As I sat along the third base line of Kauffman Stadium last Tuesday night watching the Reds bullpen implode in the final two innings before ultimately giving up a walk-off single to Salvador Perez, I felt discouraged. The Reds have an offense that can carry them to the playoffs, but a bullpen that can just as easily destroy any chances. Then last weekend in Milwaukee the Reds won three of four games and I, along with the rest of Reds country, started feeling a lot better about this team.
It’s been a weird, streaky year for the Reds. They completed a six game winning streak to start the season and followed it up with a seven game losing streak. Both streaks occurred in April. The Reds then hovered around .500 for a long time. They’ve never fallen more than a couple games below that .500 mark though. Because of that, they’ve managed to stay in the postseason hunt. They have continued to fight until the last out, as evidenced by the 24 comeback wins in 2021.
Here’s what I think needs to happen to see the Reds make the playoffs for the second consecutive year:
Eugenio Suárez needs to start playing better. His defense has left a lot to be desired, but his somewhat surprising offensive struggles have left a lot to be desired in the first half of the season. However, Suárez does seem to be turning it around, slowly but surely. The home run off Josh Hader Saturday night could be a catalyst for the rest of his season.
Suárez does have a history of improving as the season goes on, albeit a short history. 2019 was the most noticeable, with a 136 wRC+ in July, a 138 wRC+ in August and a 199 wRC+ in September. Of the 48 home runs he hit in 2019, 32 were hit from July through September. In the 2020 shortened season, his wRC+ in September was at 127, up from 108 in August.
Tyler Stephenson and Jonathan India need to continue to perform at a high level as rookies. Stephenson is hitting .282/.381/.426 with five home runs and 22 RBI in 226 plate appearances. India is hitting .275/.397/.407 with six home runs and 35 RBI in 316 plate appearances. Both players have also shown an incredible amount of plate discipline, with 66 combined walks. They are currently 1-2 among all qualified National League rookies in OPS.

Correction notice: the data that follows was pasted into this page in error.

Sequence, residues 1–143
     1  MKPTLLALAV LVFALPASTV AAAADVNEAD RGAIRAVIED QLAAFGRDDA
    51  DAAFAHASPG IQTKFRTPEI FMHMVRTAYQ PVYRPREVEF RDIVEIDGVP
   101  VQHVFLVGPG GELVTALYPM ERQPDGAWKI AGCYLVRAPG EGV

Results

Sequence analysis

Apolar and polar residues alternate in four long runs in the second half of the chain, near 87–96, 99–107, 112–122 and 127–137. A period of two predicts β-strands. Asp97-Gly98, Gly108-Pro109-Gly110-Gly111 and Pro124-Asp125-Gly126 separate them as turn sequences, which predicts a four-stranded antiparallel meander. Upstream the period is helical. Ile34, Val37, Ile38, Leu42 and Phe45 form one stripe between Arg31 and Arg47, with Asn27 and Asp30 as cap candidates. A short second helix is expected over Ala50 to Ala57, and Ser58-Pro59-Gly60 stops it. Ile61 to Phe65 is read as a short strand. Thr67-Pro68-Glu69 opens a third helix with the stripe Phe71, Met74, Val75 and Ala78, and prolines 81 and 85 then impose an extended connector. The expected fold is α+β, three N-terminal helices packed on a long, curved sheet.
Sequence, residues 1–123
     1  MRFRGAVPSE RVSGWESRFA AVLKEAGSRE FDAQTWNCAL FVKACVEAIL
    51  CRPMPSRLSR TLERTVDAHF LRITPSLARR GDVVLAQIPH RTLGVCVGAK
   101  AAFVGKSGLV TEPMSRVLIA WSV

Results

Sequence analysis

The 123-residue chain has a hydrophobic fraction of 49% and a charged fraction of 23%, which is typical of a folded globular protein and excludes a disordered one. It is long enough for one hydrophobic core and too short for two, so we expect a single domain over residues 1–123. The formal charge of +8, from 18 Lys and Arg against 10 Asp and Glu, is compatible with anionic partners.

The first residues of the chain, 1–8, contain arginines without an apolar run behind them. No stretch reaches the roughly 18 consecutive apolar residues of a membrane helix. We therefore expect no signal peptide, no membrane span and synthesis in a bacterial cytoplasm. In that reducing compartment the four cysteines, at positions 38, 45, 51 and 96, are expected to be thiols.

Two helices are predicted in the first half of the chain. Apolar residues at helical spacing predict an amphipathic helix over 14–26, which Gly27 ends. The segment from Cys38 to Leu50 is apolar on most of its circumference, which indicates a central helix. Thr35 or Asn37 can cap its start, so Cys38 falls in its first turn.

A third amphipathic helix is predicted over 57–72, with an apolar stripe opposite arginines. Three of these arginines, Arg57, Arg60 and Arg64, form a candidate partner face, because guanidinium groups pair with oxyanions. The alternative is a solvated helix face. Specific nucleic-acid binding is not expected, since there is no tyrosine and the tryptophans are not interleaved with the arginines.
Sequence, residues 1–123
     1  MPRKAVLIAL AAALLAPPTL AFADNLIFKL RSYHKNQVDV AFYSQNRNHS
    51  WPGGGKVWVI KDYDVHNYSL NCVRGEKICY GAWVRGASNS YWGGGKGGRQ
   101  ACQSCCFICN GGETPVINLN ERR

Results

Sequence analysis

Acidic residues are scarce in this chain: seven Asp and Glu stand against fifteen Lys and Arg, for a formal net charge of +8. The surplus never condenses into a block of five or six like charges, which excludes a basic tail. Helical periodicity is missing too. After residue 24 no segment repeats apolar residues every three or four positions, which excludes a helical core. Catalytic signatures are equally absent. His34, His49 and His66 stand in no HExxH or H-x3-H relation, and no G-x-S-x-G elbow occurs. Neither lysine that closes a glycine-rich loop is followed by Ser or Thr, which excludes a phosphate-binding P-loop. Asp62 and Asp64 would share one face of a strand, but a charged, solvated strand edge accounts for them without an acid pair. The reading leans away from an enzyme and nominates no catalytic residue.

The starting rotation has been as advertised for the most part, but Wade Miley has been especially good. His 2.80 ERA is the lowest it’s been since his 2018 season with the Milwaukee Brewers and his 76 strikeouts means he should be on pace to match any one of his six 140-strikeout seasons. One concern the Reds might have is that he’s already thrown 96.1 innings (he only threw 80.1 innings in his best season with the Brewers), but as recently as 2019, Miley threw 167.1 innings while with the Astros. He is used to pitching a lot of innings. The biggest key for him is to stay healthy, so he can throw at least 150 innings.
As for the bullpen, we all know it’s been terrible and injuries have only compounded that. However, Heath Hembree is one guy that has really impressed. He’s become David Bell’s go-to closer over the last week with five saves, and aside from the Tuesday game in Kansas City, he’s shown up in the big moments. During July, he’s allowed only one run while striking out ten and walking two in 5.1 innings. Hembree may not be the first choice in a healthy bullpen, but he’s looking like a solid third, fourth or fifth option once Tejay Antone and Lucas Sims return, as long as he continues to have success.
Some of these things are obviously contingent on whether the ownership and front office will acquire needed players by the trade deadline, but the core pieces for this team are there or they wouldn’t be six games over .500 at the All-Star break. Fellow Redleg Nation writer Nick Kirby posted on Twitter Sunday afternoon that the Reds are 25-14 in their last 38 games and 33-14 against the NL Central since September 13, 2020. This really is a good team that just needs a few well-chosen to make it a little better.